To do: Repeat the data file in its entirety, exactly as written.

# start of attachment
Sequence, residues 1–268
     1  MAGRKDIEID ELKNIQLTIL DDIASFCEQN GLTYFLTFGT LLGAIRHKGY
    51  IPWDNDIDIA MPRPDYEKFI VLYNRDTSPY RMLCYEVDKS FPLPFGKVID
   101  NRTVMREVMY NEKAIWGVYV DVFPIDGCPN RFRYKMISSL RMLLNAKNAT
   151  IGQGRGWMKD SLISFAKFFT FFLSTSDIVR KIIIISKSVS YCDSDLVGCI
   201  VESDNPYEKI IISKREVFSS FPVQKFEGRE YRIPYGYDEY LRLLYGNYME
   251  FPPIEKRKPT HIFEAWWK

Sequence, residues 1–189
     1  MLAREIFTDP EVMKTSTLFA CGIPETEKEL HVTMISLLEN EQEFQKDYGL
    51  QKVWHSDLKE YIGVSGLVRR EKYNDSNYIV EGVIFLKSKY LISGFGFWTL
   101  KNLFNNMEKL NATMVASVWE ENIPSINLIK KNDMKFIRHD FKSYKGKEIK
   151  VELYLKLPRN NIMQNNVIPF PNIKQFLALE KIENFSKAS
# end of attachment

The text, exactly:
Sequence, residues 1–268
     1  MAGRKDIEID ELKNIQLTIL DDIASFCEQN GLTYFLTFGT LLGAIRHKGY
    51  IPWDNDIDIA MPRPDYEKFI VLYNRDTSPY RMLCYEVDKS FPLPFGKVID
   101  NRTVMREVMY NEKAIWGVYV DVFPIDGCPN RFRYKMISSL RMLLNAKNAT
   151  IGQGRGWMKD SLISFAKFFT FFLSTSDIVR KIIIISKSVS YCDSDLVGCI
   201  VESDNPYEKI IISKREVFSS FPVQKFEGRE YRIPYGYDEY LRLLYGNYME
   251  FPPIEKRKPT HIFEAWWK

Sequence, residues 1–189
     1  MLAREIFTDP EVMKTSTLFA CGIPETEKEL HVTMISLLEN EQEFQKDYGL
    51  QKVWHSDLKE YIGVSGLVRR EKYNDSNYIV EGVIFLKSKY LISGFGFWTL
   101  KNLFNNMEKL NATMVASVWE ENIPSINLIK KNDMKFIRHD FKSYKGKEIK
   151  VELYLKLPRN NIMQNNVIPF PNIKQFLALE KIENFSKAS